I want to respond to the opinion piece by Leslie Baker. First she gives a misleading statistic, stating that because the combined total of police shootings of black and Latino Americans is twice the number of shootings of blacks, that there is no racial problem here. Reasons why this is misleading are that 1) Only one out of eight Americans are black so it already shows a disproportionate rate of police killings of black people, 2) Latinos are also more likely to be profiled by police (if you don’t believe that read the charges on which Joe Arpaio was found guilty,) 3) includes cases where the suspect is armed (obviously if an armed suspect is threatening police or anyone else the officer has no choice and this is not a questionable shooting.) If we narrow it down to cases where the victim was unarmed we see a higher rate of death of African-Americans.
Further the fact that sometimes police kill white people who are unarmed (if you can stomach it, go back and watch the video of Daniel Shaver being shot while stripped down to his underwear in a Mesa hotel a few years ago.) The fact that Shaver was white is not an excuse statistically or otherwise for the death of George Floyd. Nor have we discussed the killing of victims like Trayvon Martin and Ahmaud Arbery, whose killers were not police, but that doesn’t make them any less dead.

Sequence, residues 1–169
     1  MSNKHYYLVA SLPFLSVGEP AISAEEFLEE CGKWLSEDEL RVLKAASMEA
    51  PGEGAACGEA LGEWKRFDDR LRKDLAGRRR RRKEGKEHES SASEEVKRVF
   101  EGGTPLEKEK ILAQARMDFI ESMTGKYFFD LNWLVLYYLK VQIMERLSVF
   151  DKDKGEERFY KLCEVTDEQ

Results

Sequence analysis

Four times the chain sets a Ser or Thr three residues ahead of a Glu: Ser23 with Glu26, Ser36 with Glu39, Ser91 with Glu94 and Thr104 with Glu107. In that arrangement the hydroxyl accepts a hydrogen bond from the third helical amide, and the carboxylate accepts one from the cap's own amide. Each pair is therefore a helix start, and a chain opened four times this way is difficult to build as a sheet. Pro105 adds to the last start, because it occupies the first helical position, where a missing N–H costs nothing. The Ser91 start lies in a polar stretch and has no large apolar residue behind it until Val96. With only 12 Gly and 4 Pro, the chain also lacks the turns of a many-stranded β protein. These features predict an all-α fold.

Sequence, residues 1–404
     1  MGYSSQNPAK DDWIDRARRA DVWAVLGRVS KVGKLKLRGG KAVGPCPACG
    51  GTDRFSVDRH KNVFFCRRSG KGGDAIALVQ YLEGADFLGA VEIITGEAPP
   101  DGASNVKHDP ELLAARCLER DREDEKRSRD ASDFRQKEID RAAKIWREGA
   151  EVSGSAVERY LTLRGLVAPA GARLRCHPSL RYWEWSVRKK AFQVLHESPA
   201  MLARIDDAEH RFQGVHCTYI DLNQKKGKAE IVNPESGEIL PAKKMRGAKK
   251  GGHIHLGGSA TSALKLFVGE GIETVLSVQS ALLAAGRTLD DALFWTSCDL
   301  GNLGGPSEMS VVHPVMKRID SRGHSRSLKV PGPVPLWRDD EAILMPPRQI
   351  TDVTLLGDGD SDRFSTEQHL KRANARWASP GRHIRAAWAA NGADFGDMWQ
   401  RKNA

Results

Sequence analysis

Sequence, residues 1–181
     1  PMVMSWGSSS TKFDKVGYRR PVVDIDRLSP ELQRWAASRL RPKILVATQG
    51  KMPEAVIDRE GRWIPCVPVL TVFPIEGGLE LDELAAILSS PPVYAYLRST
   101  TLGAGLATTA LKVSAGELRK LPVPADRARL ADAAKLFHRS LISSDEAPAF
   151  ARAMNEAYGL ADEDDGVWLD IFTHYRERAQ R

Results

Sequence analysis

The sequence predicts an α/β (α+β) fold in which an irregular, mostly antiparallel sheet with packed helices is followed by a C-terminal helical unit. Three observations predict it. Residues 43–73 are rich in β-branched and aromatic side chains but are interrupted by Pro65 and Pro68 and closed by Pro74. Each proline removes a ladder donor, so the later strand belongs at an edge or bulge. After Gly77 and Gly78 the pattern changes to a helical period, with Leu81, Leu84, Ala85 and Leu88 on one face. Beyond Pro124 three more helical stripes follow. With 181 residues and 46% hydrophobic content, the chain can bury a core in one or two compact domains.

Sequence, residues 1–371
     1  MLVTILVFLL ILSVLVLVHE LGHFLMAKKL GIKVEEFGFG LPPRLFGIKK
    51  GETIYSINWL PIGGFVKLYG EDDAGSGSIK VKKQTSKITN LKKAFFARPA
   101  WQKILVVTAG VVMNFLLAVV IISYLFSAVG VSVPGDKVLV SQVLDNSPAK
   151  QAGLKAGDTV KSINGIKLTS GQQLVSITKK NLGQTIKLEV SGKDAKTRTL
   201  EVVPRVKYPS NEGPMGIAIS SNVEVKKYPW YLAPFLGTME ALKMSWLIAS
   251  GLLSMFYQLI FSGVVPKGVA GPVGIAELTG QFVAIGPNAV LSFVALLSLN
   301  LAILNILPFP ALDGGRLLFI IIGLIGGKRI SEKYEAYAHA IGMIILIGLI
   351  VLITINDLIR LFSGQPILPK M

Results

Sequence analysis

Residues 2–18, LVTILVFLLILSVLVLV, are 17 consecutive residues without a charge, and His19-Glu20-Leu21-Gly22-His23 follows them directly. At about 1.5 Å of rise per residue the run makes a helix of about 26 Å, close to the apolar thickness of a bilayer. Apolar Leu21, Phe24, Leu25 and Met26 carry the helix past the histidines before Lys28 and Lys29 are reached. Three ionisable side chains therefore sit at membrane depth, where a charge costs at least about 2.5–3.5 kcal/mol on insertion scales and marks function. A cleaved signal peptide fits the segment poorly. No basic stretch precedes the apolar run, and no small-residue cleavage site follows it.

Not all police do profile or kill. But the system we have is set up to protect the bad ones, and the lack of a national database means that some of them are so-called ‘gypsy cops’ who after being fired or leaving for abuses in one place get jobs in other departments. That's what happened to the Winslow police officer who shot Loreal Tsingine a few years ago, after having previously been reprimanded twice.
I’d also like to address Ms. Baker’s misconception of the term 'defund the police.' The effort to move resources and responsibility from the police to other services better equipped to handle situations is not new. My father was a trained mental health worker and I remember him (decades ago) getting called out day or night to work with someone in crisis. Somehow these calls eventually began going to the police. Police are trained to take command of a situation but when working with the mentally ill this can create an unpredictable and volatile situation, which often ends tragically. Sending instead mental health professionals makes sense.
Ms. Baker did get one thing right. The protesters are of all races and backgrounds. People recognize that this centuries old American problem of valuing black lives less must end.